Graves claims that, other than Iglesias’ testimony that Graves needed to get the gun to his cousin’s house, there was no evidence that he removed the gun from the house or that he had attempted to “alter, destroy or conceal” the firearm by “secreting” it as alleged in the indictment. The evidence is sufficient to permit the jury to infer that Graves was, indeed, in possession of a firearm when he shot and killed Hollie. The firearm was never recovered. This fact, taken in conjunction with Iglesias’ testimony that Graves indicated he needed to get the gun to his cousin’s house, is sufficient to show that Graves concealed the firearm.
Part two of the sufficiency issue is whether Graves concealed the firearm with knowledge that an “investigation was pending or in progress” as alleged in the indictment. Here, we are faced with the issue of a variance between the indictment and the proof at trial. At trial, there was evidence indicating that Graves took the firearm used to shoot Hollie from the scene on the night (early morning) of the shooting. This occurred before the Fort Worth Police Department was aware that an offense had been committed. The police were not contacted until later that morning, when Sonia Hunt called 9-1-1 to report sighting a man, who appeared to be deceased, lying on the porch of Graves’ home. This evidence cannot support the claim that Graves removed the firearm from the scene at a time when he knew an investigation was pending or in progress.
Detective Barron of the Fort Worth Police Department testified that, if a weapon was hidden from the Fort Worth Police Department after a shooting but before the investigation has begun, then he considers the gun hidden in contemplation of removing it from the investigation. This testimony does nothing to establish that the gun was removed while the investigation was pending or in progress. This testimony, however, is evidence that Graves, “knowing an offense has been committed,” concealed the firearm “with intent to impair is verity, legibility, or availability as evidence in any subsequent investigation of or official proceeding related to the offense.” See Tex. Penal Code Ann. ß 37.09(d)(1) (West Supp. 2014) (emphasis added). Graves, however, was not indicted under Section 37.09(d).9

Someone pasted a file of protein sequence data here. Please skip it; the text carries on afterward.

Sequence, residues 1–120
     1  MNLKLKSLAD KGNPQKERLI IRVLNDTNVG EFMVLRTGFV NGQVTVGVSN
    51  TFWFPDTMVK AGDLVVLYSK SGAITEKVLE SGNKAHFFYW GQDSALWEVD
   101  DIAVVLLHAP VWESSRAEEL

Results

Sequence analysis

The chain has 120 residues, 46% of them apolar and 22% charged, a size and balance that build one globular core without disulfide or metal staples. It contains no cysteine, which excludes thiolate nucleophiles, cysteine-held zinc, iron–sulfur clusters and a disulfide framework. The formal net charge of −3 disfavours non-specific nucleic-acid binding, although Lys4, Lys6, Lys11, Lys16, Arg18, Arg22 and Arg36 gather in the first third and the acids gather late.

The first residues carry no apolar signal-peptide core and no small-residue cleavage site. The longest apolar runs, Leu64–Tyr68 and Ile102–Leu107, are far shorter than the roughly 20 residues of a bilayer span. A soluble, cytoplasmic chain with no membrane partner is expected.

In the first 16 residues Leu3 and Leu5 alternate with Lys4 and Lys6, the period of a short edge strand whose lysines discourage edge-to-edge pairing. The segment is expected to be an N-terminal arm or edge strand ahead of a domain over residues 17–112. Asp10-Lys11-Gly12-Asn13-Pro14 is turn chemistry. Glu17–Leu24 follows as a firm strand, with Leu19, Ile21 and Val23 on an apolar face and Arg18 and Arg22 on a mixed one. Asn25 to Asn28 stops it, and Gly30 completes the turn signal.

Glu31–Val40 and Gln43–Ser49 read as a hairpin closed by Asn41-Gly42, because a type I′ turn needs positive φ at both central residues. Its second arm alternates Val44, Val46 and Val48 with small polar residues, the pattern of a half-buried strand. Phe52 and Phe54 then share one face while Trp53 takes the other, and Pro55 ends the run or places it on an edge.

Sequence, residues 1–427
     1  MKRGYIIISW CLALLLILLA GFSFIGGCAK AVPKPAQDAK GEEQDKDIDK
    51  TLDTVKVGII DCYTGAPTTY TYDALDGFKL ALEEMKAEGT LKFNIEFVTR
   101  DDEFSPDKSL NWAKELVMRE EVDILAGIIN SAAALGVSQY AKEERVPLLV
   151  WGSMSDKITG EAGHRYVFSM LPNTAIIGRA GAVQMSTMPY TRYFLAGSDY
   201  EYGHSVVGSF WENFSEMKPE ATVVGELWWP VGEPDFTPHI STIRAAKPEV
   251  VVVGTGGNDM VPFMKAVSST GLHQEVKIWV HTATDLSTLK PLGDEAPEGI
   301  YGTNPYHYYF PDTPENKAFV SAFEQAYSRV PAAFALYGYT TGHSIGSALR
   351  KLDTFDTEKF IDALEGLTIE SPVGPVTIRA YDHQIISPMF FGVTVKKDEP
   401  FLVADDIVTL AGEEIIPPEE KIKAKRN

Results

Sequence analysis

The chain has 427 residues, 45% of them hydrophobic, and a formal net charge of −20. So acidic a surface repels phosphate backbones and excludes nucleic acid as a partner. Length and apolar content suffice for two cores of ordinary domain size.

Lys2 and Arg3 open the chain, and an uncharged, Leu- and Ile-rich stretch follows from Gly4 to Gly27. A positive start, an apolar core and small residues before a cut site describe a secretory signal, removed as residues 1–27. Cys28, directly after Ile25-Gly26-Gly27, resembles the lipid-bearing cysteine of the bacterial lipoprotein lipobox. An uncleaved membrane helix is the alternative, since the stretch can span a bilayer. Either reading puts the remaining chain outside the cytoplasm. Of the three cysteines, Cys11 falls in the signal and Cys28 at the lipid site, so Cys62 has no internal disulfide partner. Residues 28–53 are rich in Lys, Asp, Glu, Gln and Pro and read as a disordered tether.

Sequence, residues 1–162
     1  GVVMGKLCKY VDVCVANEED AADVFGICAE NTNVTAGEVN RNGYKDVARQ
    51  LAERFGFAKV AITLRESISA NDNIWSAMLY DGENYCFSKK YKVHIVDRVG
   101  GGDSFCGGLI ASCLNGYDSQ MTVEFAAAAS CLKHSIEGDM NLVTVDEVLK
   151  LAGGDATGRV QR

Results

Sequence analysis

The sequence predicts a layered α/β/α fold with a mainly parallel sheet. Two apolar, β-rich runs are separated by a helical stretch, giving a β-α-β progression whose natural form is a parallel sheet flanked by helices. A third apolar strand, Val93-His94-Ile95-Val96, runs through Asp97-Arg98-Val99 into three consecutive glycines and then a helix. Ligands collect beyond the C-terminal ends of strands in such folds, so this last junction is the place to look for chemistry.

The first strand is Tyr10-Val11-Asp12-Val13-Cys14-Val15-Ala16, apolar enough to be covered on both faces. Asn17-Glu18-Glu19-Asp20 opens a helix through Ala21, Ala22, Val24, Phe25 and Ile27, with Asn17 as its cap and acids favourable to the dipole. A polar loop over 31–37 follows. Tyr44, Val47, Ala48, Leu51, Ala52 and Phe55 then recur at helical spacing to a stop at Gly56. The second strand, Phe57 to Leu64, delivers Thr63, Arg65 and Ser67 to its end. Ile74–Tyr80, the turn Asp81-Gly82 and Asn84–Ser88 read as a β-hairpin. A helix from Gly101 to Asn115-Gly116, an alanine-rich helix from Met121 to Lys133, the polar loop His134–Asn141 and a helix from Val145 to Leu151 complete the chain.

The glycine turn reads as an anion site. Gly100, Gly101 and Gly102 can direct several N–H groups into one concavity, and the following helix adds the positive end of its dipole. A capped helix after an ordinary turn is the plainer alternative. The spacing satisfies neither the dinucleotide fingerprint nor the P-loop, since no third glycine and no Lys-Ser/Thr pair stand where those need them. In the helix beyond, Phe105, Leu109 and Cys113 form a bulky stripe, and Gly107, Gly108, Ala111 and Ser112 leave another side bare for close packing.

In addressing a claim of evidentiary sufficiency, we are to determine whether any rational jury could have found the essential elements of tampering with physical evidence beyond a reasonable doubt. Brooks, 323 S.W.3d at 912. The essential elements of this offense are to be determined by the hypothetically correct jury charge. Malik v. State, 953 S.W.2d 234, 240 (Tex. Crim. App. 1997). The hypothetically correct jury charge is “one that accurately sets out the law, is authorized by the indictment, does not unnecessarily increase the State’s burden of proof or unnecessarily restrict the State’s theories of liability, and adequately describes the particular offense for which the defendant was tried.” Id. The law “as authorized by the indictment” includes “the statutory elements of the offense . . . as modified by the charging instrument.” Curry v. State, 30 S.W.3d 394, 404 (Tex. Crim. App. 2000). The hypothetically correct jury charge need not, however, incorporate allegations that give rise to immaterial variances. Gollihar v. State, 46 S.W.3d 243, 256 (Tex. Crim. App. 2001). Conversely, a material variance must be included within the hypothetically correct charge. Id. at 257. As explained by the Texas Court of Criminal Appeals in Johnson v. State, 364 S.W.3d 292 (Tex. Crim. App. 2012),
A variance in pleading and proof can occur in two different ways. First, a variance can involve the statutory language that defines the offense. This can happen when a statute specifies alternate methods by which an offense could be committed, the charging instrument pleads one of those alternate methods, but the State proves, instead, an unpled method. For example, the retaliation statute makes it a crime to threaten a “witness” or “informant.” The first type of variance occurs if the State pleads only “witness” in the charging instrument and proves only the unpled element of “informant” at trial. Second, a variance can involve a non-statutory allegation that is descriptive of the offense in some way. For example, the charging instrument pleads “Mary” as the victim, but the State proves “John” at trial. Or the charging instrument pleads the offense was committed with a knife, but the State proves at trial that a baseball bat was used.10
Id. at 294 (citations omitted).
There, Johnson was charged with having committed aggravated assault by intentionally or knowingly causing serious bodily injury by hitting the victim with his hand or by twisting her arm with his hand. The victim testified that Johnson threw her against a wall, which caused her serious bodily injury. The court held that the variance involved a nonstatutory type of allegation. Johnson, 364 S.W.3d at 298.